The Windrush generation Contents

1Introduction

1.Commonwealth citizens who arrived in the UK after the Second World War and before 1973 are often described as the ‘Windrush generation’, in reference to the ship MV Empire Windrush on which citizens from the Caribbean first arrived in 1948 to help rebuild a post-war United Kingdom. There were no immigration restrictions on people from Commonwealth countries entering the UK at that time; they were known as the ‘freely landed’. They were allowed to live and work anywhere within the territories of the ‘United Kingdom and Colonies’. The arrival of the Windrush marked the start of a phase of Commonwealth migration which continued throughout the 1950s and 1960s.

2.The Immigration Act 1971 confirmed that those people who were already present and settled in the UK when the Act came into force on 1 January 1973—i.e. those without any restriction on their leave—were entitled to stay indefinitely in the UK. It also recognised the right of wives and children to join them, a right which was retained until the Immigration Act 1988.

3.Until now, no Government had set out comprehensive policies to ensure that these cohorts of people had their legal status fully documented. However, a lack of documentation, together with the introduction of policies requiring people to prove their right to be in the UK in order to access essential services, has led to thousands of people being placed in a precarious position through no fault of their own. People have lost their homes and their jobs and been refused healthcare, pensions and access to social security. Not only did they not have documentation which proved their legal status in the UK but, as we will set out in this report, it was made very difficult for them to gain it.

4.During our inquiry we heard how vulnerable people did not understand why they were told they did not have the necessary documentation—since they considered themselves British—or what they should do about it. Many more tried unsuccessfully to prove their rights only to come up against the barrier of Home Office bureaucracy and poor decision-making. Some could simply not afford the fees. As the Home Secretary admitted in May 2018: “there is no question [ … ] that a number of people from that generation have been mistreated”;1 they “have been seriously let down by the immigration system”.2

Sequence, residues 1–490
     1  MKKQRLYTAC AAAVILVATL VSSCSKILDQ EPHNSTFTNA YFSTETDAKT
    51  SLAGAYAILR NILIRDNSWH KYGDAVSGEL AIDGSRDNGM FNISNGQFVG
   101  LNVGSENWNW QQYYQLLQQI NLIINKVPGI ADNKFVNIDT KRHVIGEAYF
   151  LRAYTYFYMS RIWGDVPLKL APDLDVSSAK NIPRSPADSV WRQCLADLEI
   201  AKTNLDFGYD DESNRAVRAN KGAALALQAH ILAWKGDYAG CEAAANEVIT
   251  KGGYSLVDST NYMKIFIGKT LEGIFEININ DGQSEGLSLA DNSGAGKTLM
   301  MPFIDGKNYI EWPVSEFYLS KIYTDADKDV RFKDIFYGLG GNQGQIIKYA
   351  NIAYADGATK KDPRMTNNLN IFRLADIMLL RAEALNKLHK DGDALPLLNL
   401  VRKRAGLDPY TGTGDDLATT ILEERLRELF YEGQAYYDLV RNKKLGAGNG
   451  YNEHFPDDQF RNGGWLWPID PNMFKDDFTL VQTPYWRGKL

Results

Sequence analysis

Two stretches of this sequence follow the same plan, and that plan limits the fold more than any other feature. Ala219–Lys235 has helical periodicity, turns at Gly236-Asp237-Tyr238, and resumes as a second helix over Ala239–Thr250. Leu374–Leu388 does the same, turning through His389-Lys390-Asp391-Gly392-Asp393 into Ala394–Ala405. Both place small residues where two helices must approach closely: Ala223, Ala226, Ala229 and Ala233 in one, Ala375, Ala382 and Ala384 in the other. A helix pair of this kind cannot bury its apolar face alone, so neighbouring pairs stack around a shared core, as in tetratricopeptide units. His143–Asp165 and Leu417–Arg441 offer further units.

5.On 13 June 2018, we published a short report recommending the Government set up a hardship fund for those members of the Windrush generation in acute financial difficulty.3 In this report we have looked where we can at what went wrong, how many people have been affected and the adequacy of the Government’s response. We should be clear that we do not regard this as a full inquiry into what happened as there are many questions left unanswered and we have not had access to internal Home Office papers. We would like to thank all those who helped us with our inquiry, but particularly Hubert Howard and Sarah O’Connor, themselves members of the Windrush generation, for sharing their experiences with us. We took oral evidence from the Joint Council for the Welfare of Immigrants; the Immigration Law Practitioners’ Association; and the Immigration Services Union. We also took oral evidence from the Home Secretary, Rt Hon Sajid Javid MP; the former Home Secretary, Rt Hon Amber Rudd MP; the Minister for Immigration, Rt Hon Caroline Nokes MP; and Home Office officials. We met privately with High Commissioners from Caribbean countries, and visited the Windrush taskforce at Lunar House, Croydon, to see for ourselves how the Home Office was responding.


1 Oral evidence taken on 15 May 2018, HC (2017–19) 990, Q217

2 HC Deb, 2 May 2018, Col 349

3 Home Affairs Committee, Fifth Report of Session 2017–19, Windrush: the need for a hardship fund, HC 1200




Published: 3 July 2018